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Everything posted by ChrisAfonso

  1. Finally got this CD! After my initial euphoria about its release was tempered a lot by the reported issues, I kept holding out hoping for a corrected pressing, but I guess that will remain futile for the forseeable future, so the release of Aladdin was as good an opportunity as any to order it at last (and save a bit on shipping costs). Enough has been posted here about the shortcomings of the release, so I won't dwell on that here. But the expanded score is a joy to listen to! (Just the prepending of score tracks at the beginning of several songs is a headscratcher...) And I really enjoy the multiple stages of demo tracks (piano demo + synth demo), which, as in several previous LC releases, allow a great glimpse behind the process of creation - especially regarding later replaced/refined sections of familiar songs!
  2. Those two go really well together, actually: Akallabeth combined themes ending.mp3 (thanks for the idea ;))
  3. Nice to hear it's been useful, though As much as I still love the original LotR scores, by creating a myriad of very rudimentary motifs, Shore definitely made it very easy to now find them everywhere, intended or not . But put it this way: Not every repeated minor second is a quote from Jaws, but if it's played by the bass and you see a fish on screen, you might be on to something. For now I'm enjoying a lot of the RoP score, although for my taste the themes could have been introduced more gradually and less fully-formed - but who knows, for all we know there are still things tucked away in there that come to bloom later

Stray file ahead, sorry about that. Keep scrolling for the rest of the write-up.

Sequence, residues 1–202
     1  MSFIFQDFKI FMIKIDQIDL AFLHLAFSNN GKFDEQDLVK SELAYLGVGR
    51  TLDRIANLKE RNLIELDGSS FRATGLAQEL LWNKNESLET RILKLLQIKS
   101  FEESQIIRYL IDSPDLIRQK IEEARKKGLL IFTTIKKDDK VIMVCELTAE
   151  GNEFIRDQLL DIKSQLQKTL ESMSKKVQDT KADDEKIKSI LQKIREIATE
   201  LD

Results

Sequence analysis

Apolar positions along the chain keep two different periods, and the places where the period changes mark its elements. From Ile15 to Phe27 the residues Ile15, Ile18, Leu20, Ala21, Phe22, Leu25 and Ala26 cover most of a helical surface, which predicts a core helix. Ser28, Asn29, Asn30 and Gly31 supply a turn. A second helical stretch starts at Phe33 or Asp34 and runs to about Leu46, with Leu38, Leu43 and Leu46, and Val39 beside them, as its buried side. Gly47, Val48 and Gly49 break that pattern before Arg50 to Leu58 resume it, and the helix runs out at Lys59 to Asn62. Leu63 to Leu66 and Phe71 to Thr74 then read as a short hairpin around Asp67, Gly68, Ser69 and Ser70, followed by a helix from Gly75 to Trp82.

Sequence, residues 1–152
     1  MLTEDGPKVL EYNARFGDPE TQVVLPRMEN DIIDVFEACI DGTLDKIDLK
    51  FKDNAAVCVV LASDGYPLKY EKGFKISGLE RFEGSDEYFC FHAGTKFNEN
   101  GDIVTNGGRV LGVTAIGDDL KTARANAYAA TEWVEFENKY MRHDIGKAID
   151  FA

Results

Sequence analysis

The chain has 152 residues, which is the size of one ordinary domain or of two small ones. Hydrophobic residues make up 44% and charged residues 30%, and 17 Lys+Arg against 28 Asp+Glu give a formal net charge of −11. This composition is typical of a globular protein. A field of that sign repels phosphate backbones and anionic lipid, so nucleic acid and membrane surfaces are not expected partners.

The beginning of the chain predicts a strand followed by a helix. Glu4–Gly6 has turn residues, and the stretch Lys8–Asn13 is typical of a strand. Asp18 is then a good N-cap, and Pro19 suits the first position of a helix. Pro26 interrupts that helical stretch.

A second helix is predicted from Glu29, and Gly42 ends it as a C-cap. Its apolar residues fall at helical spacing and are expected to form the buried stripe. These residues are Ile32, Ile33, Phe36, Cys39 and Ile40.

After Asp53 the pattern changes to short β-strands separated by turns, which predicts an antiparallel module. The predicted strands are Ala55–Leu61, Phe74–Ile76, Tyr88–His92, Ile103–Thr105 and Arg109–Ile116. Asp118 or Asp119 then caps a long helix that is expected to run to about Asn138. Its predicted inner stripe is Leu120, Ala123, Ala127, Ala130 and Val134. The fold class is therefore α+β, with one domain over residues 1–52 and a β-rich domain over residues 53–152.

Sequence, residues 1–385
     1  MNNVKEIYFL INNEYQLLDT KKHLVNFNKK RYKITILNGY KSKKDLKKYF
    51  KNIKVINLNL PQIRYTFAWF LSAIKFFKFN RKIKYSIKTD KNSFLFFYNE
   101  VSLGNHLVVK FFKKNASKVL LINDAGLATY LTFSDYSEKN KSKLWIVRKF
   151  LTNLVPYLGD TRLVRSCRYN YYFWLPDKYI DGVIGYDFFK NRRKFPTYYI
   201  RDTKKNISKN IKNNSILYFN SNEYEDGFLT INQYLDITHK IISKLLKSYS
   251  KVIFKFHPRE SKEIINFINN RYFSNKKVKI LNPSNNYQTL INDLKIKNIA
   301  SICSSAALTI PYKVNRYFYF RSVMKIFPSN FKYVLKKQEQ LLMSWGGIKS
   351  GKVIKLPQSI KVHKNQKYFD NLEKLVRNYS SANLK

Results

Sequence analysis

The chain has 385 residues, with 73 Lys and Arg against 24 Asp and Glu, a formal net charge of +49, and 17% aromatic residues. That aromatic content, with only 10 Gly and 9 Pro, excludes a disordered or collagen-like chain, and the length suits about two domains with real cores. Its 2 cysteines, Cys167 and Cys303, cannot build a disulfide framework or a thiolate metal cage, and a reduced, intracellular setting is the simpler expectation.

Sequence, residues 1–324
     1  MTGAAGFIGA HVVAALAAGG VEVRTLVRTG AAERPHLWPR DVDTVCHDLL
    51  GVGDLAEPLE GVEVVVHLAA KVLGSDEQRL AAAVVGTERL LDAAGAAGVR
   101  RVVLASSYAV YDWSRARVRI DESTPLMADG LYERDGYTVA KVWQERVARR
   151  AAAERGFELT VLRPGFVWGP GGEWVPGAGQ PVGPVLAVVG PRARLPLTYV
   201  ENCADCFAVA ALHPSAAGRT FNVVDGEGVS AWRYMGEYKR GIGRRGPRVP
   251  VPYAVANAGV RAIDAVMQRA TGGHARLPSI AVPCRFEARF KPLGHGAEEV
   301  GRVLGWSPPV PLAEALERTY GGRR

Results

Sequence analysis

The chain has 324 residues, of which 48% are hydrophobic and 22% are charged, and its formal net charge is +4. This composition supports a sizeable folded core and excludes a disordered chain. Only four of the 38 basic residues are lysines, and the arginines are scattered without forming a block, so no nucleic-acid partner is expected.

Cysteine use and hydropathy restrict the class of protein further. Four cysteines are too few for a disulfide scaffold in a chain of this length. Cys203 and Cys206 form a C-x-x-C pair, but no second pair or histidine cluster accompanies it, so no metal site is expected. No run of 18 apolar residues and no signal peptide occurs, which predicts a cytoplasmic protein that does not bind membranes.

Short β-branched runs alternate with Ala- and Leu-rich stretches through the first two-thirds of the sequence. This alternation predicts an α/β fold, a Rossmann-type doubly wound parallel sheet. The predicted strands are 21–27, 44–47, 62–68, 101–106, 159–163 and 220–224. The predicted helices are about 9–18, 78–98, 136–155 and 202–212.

4. This was mentioned by a member of the LSO in one of the "Legacy of John Williams" episodes. "John has a horror of takedowns, so he prepares the Signature Editions to make sure the real music is available" or something like that I have the impression that a lot of different things get thrown together here (quotes as examples). No one (usually) *does* care about *performed* transcriptions (as audio) on youtube. Releasing (paid) "covers" (as audio) of officially released tracks is (afaik) covered (:P) by a "compulsory" license (-> the copyright holder can't prevent it, but gets a mandatory royalty). For live performance you need to pay the composer's performance rights organization, in addition to buying or renting (often for a hefty fee) the official materials (I'm unsure if they can prevent a performance based on an "accurate" transcription? This may fall in a similar case as aforementioned straight *covers* are generally allowed, but "derivative works" like medleys, mashups, lyrics changes etc. need an explicit individual license). Sharing (for free) self-made arrangements informally seems to be some kind of a gray area (as long as it's not on a large scale) (?) *Selling* unauthorized arrangements (as sheet music) is the crucial case here - and I was generally under the impression that, at least until a few years ago, this was not allowed at all without individually requesting and getting a license (like Marc P. back in the day describing unsuccessfully trying to get his awesome JW horn medleys published). But on that point I do agree that the composer/publisher are fully in their rights to control/allow/disallow others from profiting off their work (without compensation) as they see fit. Regarding the recent "blanket license" some online sheet retailers seem to have for publishing arrangements - when I looked into the conditions for sheetmusicplus's service (something like 2 years ago), they indeed had a long list/database of tracks from all kinds of composers that they have an automatic royalty sharing deal with (and note, the deal is: you get 10%, the authors get the rest!). Bear McCreary, for example, was in there, among many others I searched - John Williams, though, was not. (disclaimer: I have read a lot about these topics, but am not in any way certain any of this is actually correct )